In an ideal world, every employee would jump out of bed every day filled with joy at the prospect of the work day ahead. But research shows that’s not reality
By Helene Smuts, Managing Partner, CONTRACT SA
Lower budgets, fewer resources, and changing technology have all created a stressful working environment that leaves people feeling overwhelmed and disillusioned. A 2017 report by Aon Hewitt showed that less than 25% of employees are highly engaged. A 2018 global Gallup survey found that 88% of employees were not engaged at all.
Recent research has suggested that one of the best ways to boost engagement is by creating trust in leadership. In fact, a 2018 Predictive Index survey of more than 5000 people saw a direct correlation between having a great manager and employees’ passion and energy for their job.
The research showed that these top managers listened to their employees, genuinely cared about them and empowered them to make their own decisions.
It’s challenging to be that kind of leader because every person is different. To engage and motivate people, you must first understand each individual as a whole.
The Motivational Hungers model, introduced by Eric Berne, suggests that individuals are more motivated when needs (or hungers) specific to their personality are being met. If leaders understand those needs, they can adapt their interactions to create an environment for team members to really show up.
These are the three ‘motivational hungers’:
A person with structure hunger is someone who needs orientation and security. They like clear goals and agreements, clear task allocation – and knowing who to contact with a question or concern. They value tidiness, orderliness and routine, and a clear understanding of the limits of their responsibility.
Say you need someone to help you draw up the budget for a department. If it’s a person who seeks structure you could phrase the request in this way: ‘Please can you help us draw up the budget. I’ll give you the spreadsheet templates and work closely with you to get it right. Here’s your overall budget and what was requested by each department. Please take a close look and let me know what we should approve’.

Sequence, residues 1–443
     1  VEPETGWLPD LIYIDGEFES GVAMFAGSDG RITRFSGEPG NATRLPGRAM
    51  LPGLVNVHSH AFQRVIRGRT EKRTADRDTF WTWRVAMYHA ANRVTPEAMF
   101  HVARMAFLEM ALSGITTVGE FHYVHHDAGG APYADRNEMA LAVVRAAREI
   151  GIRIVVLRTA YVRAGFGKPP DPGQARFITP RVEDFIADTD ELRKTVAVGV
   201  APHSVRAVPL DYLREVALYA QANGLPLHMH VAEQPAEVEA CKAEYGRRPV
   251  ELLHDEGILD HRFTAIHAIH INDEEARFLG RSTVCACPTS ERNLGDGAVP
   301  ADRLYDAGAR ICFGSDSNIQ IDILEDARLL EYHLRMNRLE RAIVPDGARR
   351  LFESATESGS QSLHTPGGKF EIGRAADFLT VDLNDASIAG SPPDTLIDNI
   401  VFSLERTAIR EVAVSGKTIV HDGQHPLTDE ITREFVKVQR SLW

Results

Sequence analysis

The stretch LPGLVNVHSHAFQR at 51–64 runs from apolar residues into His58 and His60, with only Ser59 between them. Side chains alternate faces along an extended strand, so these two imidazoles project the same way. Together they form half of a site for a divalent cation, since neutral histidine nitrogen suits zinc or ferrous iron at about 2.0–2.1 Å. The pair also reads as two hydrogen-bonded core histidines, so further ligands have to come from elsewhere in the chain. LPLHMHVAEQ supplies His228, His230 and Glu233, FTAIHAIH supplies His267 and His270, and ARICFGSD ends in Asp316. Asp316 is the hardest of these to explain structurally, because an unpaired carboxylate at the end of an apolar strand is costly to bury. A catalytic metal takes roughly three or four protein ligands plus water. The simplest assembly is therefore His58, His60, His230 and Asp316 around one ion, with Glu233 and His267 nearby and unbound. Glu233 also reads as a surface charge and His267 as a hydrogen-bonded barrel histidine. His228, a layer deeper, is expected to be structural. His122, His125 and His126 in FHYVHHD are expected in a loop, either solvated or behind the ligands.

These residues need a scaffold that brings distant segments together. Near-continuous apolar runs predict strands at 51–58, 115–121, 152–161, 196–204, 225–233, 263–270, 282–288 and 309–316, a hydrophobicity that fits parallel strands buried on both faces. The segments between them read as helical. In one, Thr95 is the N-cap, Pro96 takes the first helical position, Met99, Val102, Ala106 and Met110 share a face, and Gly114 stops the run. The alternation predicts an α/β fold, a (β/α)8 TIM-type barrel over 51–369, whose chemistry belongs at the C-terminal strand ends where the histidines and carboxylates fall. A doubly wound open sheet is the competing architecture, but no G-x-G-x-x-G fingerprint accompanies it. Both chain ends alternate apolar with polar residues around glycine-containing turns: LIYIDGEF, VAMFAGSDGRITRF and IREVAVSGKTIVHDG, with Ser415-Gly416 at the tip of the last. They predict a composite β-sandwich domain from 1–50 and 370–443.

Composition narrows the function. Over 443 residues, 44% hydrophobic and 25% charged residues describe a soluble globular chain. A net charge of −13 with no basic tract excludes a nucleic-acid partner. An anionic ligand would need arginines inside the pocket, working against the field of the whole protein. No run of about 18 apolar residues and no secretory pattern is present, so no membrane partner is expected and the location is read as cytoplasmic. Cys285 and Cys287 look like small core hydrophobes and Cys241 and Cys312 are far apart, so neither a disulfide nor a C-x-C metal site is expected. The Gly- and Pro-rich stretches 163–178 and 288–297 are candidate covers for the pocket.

A person with a hunger for acknowledgement thrives on being recognised and appreciated for their contribution. They like a pleasant work environment, spontaneous praise, teamwork, positive and critical feedback, being involved in making decisions and being recognised as competent. When getting someone who needs acknowledgement to help with your budget, says: ‘I love your keen eye for detail and spotting errors. Please, can you help us finalise this budget? You’re the best person to decide what we can approve or question.’
Stimulus (or challenge)
A person with a hunger for stimulus and challenge looks for incentives. They like new topics, learning or content that is challenging, keeping a client (even when they threaten to leave for the competition) and making the impossible possible, when others have already given up.
For someone who craves stimulus to help with the budget, you could say: ‘Here’s the overall budget. Can you tweak it to create a kickass budget that’s an improvement on last year and will help us scale this business.’
The best way for leaders to find out how their team members fit into this framework is to ask them. Pay attention, listen and have conversations. It’s a powerful way to change mindsets, encourage engagement and build responsibility.
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